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Vanname v. Rochester Gas & Electric, Inc.

Supreme Court of New York, Fourth Department

November 8, 2013

JESSE VANNAME AND DAWN VANNAME, PLAINTIFFS-APPELLANTS-RESPONDENTS,
v.
ROCHESTER GAS & ELECTRIC, INC., DEFENDANT-RESPONDENT-APPELLANT, ET AL., DEFENDANT

Appeal and cross appeal from an order of the Supreme Court, Monroe County (David Michael Barry, J.), entered April 26, 2011. The order granted that part of the motion of defendant Rochester Gas & Electric, Inc. for summary judgment dismissing the amended complaint with respect to the Labor Law § 241 (6) cause of action, and otherwise denied the motion.

MICHAEL STEINBERG, ROCHESTER, FOR PLAINTIFFS-APPELLANTS-RESPONDENTS.

NIXON PEABODY LLP, ROCHESTER (KEVIN T. SAUNDERS OF COUNSEL), FOR DEFENDANT-RESPONDENT-APPELLANT.

PRESENT: FAHEY, J.P., PERADOTTO, LINDLEY, SCONIERS, AND WHALEN, JJ.

It is hereby ORDERED that the order so appealed from is unanimously affirmed without costs.

Memorandum: Plaintiffs commenced this common-law negligence and Labor Law action seeking damages for injuries sustained by Jesse VanName (plaintiff) in a work-related accident. Plaintiff's employer had been hired to install a water main and plaintiff, a pipe layer, assisted his coworker, an excavator operator, in digging a trench. Prior to the accident, an employee of Rochester Gas & Electric, Inc. (defendant) had marked the location of the underground electric line by placing flags directly above the line. On the morning of the accident, plaintiff attempted unsuccessfully to locate the electric line with the aid of that marker in the area where they were digging. Plaintiff directed the excavator operator where to dig, and plaintiff allegedly sustained an electric shock and resultant injuries when the bucket of the excavator struck the electric line as he stood nearby. Defendant moved for summary judgment dismissing the amended complaint against it, and Supreme Court granted that part of the motion with respect to the Labor Law § 241 (6) cause of action. We affirm.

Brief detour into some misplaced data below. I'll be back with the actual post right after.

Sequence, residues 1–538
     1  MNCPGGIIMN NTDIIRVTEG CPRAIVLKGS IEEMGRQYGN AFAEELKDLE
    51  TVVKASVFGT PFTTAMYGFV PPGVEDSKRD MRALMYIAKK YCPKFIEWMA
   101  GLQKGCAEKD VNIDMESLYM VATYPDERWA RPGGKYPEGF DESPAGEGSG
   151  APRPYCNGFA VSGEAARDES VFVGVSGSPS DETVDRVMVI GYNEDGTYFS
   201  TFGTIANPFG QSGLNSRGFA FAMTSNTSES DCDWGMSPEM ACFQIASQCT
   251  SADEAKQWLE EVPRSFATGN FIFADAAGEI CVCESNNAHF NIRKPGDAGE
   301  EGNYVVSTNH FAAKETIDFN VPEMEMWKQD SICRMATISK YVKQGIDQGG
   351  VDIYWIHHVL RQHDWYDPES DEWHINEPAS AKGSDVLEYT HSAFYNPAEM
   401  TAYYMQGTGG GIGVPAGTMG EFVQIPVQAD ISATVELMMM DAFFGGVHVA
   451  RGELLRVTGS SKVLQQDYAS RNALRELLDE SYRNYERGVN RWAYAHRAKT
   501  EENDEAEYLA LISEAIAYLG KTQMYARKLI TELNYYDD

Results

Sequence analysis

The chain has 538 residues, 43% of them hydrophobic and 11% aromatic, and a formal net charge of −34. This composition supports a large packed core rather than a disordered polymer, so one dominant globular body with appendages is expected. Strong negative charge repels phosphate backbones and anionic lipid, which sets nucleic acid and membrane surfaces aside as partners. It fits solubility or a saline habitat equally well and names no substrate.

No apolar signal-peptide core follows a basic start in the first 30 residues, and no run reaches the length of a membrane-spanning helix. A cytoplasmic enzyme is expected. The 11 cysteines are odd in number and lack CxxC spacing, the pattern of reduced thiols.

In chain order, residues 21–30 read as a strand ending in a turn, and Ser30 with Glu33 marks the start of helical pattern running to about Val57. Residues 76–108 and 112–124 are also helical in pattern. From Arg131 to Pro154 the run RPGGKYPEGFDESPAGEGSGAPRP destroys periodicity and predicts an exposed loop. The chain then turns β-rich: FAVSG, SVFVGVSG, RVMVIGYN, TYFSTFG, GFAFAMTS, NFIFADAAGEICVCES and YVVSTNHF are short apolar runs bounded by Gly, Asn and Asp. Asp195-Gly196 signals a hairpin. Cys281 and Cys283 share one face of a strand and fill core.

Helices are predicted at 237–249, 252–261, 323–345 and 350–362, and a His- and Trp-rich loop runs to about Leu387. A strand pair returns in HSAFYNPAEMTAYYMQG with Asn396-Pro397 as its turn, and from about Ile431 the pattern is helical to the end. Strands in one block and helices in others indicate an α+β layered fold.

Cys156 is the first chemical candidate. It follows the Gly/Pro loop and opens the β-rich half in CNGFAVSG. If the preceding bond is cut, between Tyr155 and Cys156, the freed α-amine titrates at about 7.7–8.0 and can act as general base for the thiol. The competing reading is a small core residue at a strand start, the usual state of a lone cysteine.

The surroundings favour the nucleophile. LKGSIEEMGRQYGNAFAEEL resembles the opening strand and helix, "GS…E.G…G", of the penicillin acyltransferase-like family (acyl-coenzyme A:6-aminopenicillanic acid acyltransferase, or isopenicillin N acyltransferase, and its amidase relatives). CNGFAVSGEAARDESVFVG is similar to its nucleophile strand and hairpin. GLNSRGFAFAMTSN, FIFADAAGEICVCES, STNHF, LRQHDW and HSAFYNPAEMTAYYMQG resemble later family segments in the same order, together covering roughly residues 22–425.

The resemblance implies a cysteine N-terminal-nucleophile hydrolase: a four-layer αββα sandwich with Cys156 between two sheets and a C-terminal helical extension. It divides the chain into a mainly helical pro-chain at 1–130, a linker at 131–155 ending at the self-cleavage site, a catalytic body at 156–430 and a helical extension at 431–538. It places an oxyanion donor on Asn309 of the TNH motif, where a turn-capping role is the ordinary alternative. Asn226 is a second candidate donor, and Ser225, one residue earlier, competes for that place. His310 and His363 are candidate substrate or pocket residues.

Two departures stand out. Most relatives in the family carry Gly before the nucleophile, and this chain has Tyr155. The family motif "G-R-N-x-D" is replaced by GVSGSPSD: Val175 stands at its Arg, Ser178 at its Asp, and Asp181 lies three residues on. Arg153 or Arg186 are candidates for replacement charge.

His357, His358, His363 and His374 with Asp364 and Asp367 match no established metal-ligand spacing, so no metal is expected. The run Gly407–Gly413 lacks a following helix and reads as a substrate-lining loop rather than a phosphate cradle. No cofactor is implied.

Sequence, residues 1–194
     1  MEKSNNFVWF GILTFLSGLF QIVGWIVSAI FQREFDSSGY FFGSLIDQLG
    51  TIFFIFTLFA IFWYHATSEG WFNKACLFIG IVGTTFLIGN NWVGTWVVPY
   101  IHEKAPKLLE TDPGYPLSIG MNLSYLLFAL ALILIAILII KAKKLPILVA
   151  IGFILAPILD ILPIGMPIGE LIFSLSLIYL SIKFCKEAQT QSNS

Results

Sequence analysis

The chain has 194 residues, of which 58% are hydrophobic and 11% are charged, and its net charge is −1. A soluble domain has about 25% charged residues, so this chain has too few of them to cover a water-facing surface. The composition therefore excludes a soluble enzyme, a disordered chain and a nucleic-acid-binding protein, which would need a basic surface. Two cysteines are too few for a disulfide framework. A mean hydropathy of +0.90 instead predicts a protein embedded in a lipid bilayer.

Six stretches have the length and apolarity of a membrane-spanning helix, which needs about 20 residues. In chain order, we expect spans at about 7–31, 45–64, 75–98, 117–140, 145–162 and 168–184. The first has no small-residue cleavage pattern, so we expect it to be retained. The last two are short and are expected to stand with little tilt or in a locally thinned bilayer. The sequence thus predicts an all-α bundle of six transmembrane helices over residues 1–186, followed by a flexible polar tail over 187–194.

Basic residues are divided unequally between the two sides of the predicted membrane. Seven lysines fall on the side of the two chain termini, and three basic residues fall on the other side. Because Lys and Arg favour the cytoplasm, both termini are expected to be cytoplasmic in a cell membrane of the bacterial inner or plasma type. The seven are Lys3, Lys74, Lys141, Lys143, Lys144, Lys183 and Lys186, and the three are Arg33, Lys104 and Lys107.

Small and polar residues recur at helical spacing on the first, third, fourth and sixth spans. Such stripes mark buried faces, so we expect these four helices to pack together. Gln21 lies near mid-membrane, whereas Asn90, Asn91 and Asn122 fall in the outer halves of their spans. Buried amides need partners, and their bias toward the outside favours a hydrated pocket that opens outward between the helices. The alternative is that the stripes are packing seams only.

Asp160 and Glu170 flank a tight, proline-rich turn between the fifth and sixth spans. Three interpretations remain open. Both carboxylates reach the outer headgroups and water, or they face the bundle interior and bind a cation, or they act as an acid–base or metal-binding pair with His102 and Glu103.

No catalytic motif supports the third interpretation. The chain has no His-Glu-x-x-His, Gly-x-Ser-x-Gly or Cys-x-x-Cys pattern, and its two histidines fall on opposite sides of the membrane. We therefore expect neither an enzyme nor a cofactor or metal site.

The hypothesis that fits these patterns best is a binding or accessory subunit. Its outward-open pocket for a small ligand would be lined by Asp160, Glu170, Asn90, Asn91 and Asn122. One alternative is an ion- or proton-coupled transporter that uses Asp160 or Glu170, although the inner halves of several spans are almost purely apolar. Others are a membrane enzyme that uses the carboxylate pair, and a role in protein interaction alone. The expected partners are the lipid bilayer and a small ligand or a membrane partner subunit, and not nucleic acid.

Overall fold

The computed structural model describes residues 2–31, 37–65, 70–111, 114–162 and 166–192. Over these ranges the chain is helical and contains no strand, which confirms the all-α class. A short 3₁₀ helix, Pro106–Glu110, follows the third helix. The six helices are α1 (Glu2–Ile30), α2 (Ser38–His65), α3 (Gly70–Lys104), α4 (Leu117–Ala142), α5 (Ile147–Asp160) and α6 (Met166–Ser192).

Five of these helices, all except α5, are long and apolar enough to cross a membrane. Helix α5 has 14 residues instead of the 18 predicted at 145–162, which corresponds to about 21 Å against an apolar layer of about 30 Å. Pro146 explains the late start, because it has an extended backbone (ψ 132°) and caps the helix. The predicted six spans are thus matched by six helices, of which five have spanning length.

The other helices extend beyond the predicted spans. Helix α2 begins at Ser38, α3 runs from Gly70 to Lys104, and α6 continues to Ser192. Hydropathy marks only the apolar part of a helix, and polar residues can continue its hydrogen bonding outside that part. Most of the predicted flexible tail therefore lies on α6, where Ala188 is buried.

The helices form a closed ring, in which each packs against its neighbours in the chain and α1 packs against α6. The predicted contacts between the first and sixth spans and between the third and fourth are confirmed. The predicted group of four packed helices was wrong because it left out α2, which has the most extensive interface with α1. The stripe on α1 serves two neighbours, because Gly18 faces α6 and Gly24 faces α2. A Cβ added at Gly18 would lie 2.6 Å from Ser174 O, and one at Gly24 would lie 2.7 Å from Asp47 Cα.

Contrary to defendant's contention on its cross appeal, the court properly denied that part of its motion with respect to the common-law negligence and Labor Law § 200 causes of action. Even assuming, arguendo, that defendant met its initial burden of establishing that it did not create the allegedly dangerous condition, we conclude that plaintiffs raised a triable issue of fact through plaintiff's deposition testimony that defendant did not accurately mark the location of the underground electric line (see generally Babiack v Ontario Exteriors, Inc., 106 A.D.3d 1448, 1450). Given the conflicting testimony submitted by defendant concerning the circumstances of the accident, we further conclude that defendant did not meet its burden of establishing as a matter of law with respect to the common-law negligence and Labor Law § 200 causes of action that plaintiff's alleged negligence constituted an intervening, superseding cause of the accident (see Bucklaew v Walters, 75 A.D.3d 1140, 1142; Meseck v General Elec. Co., 195 A.D.2d 798, 800-801; cf. Misirlakis v East Coast Entertainment Props., 297 A.D.2d 312, 312-313, lv denied 100 N.Y.2d 637). Also with respect to defendant's cross appeal, we note that defendant has informed this Court that the loss of consortium cause of action was dismissed subsequent to the filing of the cross appeal, and thus defendant is abandoning any contention with respect to that cause of action (see generally Ciesinski v Town of Aurora, 202 A.D.2d 984, 984).

With respect to plaintiffs' appeal, we conclude that the court properly granted that part of defendant's motion seeking summary judgment dismissing the Labor Law § 241 (6) cause of action insofar as it is premised upon the alleged violation of 12 NYCRR 23-1.13 (b) and (d). Section 23-1.13 does not "apply to or in connection with operations conducted by" defendant, which is "subject to the jurisdiction of the Public Service Commission" (12 NYCRR 23-1.13 [a]; see Public Service Law § 5 [1] [b]; Greenough v Niagara Mohawk Power Corp., 13 A.D.3d 1160, 1162). Plaintiffs have abandoned any contentions with respect to the remaining alleged violations of the Industrial Code by failing to address them in their brief (see Ciesinski, 202 A.D.2d at 984).


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